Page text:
When my brother joined the military, all my theoretical ideas about war and peace got hung up in the reality that my little brother would face death. My brother assured me that he was ready; he wanted to fight. He wanted to protect and serve. But he was 18 at the time and mortality was a vague concept.
My brother was lucky. He joined the military just as our president began to draw down active duty forces in the Middle East. But every time I see my brother and his hard jaw and pressed uniform, I’m both honored and worried.
On January 23, Defense Secretary Leon Panetta lifted the ban on women serving in combat, noting that it is “the responsibility of every citizen to protect the nation.” (Emphasis mine.) The decision is important not only for the military, but for what it signals to the women of the United States: If you can do the job, you can have the job.
It seems like a basic right. If you can do the work, if you are qualified and there is a need, you should have the job. But if you are a minority or a woman, it hasn’t always been that way. I remember overhearing my parents and their friends worry about the level of safety in town when a woman joined the fire department.
“But if she passed the test…” my mom said, her voice faltering.
My dad answered, “I don’t want a woman protecting me.”
And that’s what objections to this ruling boil down to. Girls aren’t good enough.
I was only 9 when I heard him say that, and even then I felt the insult: You won’t be good enough because you are a girl. And that’s what objections to this ruling boil down to. Girls aren’t good enough. This war over war was fought with race instead of gender centuries ago. It’s now looked on as a blight on our history and I hope this period of gender discrimination is, too.
“But what if women are attacked and captured and sexually assaulted?” my husband, the father of our little girl, said in response to the news. “They already are,” I countered. “It just happens within the military and not by the enemy.” I also think that in response to any concern over their well being any female in a combat role would say the same thing my brother told me, “I’m honored to serve my country.” And shouldn’t that courage be good enough?
On a recent trip to Israel, I woke up early one morning and came down to the hotel lobby for coffee. The hotel overlooked the Mediterranean, but the view that enamored me was the sheer number of military men and women out jogging. An Israeli guest caught me gawking at the long line of men and women running along the shore. “Our women,” he said, “are a force to be reckoned with. In our military there is no gender, only courage.”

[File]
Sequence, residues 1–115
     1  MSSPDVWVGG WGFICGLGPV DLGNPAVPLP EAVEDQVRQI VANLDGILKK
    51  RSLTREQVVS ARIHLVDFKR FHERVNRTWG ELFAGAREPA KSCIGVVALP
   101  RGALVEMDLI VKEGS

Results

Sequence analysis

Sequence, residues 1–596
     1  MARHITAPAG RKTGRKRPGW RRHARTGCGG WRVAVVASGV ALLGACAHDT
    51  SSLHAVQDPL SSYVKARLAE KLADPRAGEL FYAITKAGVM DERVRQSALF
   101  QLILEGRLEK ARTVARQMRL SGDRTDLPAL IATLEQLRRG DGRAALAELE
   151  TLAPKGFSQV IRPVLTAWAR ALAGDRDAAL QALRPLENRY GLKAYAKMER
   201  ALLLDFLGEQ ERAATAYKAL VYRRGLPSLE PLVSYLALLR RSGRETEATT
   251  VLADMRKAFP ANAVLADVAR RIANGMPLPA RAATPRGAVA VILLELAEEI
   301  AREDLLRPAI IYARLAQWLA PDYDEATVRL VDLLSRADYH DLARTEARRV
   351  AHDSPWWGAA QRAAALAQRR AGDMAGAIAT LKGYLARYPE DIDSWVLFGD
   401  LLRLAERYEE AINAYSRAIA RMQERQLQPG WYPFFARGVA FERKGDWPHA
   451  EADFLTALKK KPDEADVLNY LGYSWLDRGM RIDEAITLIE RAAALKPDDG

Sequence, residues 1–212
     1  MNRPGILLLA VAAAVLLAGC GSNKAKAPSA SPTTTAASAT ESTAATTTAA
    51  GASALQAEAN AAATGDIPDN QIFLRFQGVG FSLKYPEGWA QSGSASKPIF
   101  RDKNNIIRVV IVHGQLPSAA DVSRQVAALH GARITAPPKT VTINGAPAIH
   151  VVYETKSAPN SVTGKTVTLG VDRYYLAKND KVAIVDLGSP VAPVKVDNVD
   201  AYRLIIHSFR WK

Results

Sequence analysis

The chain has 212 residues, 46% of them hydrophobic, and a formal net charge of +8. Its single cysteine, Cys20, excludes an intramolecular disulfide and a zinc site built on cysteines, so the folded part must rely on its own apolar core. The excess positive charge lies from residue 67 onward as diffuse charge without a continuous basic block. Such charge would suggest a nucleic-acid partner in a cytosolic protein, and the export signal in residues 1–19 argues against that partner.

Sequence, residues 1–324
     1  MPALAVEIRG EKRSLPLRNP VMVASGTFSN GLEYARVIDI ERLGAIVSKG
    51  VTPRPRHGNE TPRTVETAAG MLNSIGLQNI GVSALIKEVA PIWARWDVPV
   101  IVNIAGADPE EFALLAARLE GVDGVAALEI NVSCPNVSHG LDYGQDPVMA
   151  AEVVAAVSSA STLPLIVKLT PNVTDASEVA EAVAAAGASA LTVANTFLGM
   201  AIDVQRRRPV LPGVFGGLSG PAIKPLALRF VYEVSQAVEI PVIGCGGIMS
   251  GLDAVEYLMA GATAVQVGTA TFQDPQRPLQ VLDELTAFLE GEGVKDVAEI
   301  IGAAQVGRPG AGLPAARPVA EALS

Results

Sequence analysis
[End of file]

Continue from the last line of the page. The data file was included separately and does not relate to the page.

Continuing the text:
Secretary Panetta echoed that sentiment when he told the press that the deaths of women in Iraq and Afghanistan show that “there is no gender, only valor.”
Any argument against women in these roles because they will weaken our defenses falls flat in the face of Israel, which boasts the most effective military in the world and has allowed women to serve equally since 2000. As a new era of warfare begins and the idea of a “front line” becomes more metaphorical than actual, American women have already been fighting and dying for their country. Think they’re not ready? Think again. They’ve been serving and dying alongside our husbands and brothers in Iraq and Afghanistan. This decision by Secretary Panetta reaffirms that when it comes to a job well done, we are all created equal.
My daughter is just a toddler. She is entering her twos—the most war-like phase of childhood. But even as we battle every day over carrots and naptime, the idea of her serving in a combat role terrifies me, and also makes me proud. I don’t know if she will ever serve like her uncle and, honestly, it doesn’t matter what she chooses. Secretary Panetta’s decision is only a difference of semantics as the idea of what constitutes combat continues to fluctuate. What is significant is that in addition to paving a way for career advancement for women in the military, we are also creating a world where we tell women that the founding principles of this country apply to them as well—that they, too, are created equal. And what matters isn’t their gender, but whether they can do the job.
And that is what I want for my daughter: an equal chance in all things.
Not convinced? Read the opposing point of view to women fighting in combat at mom.me.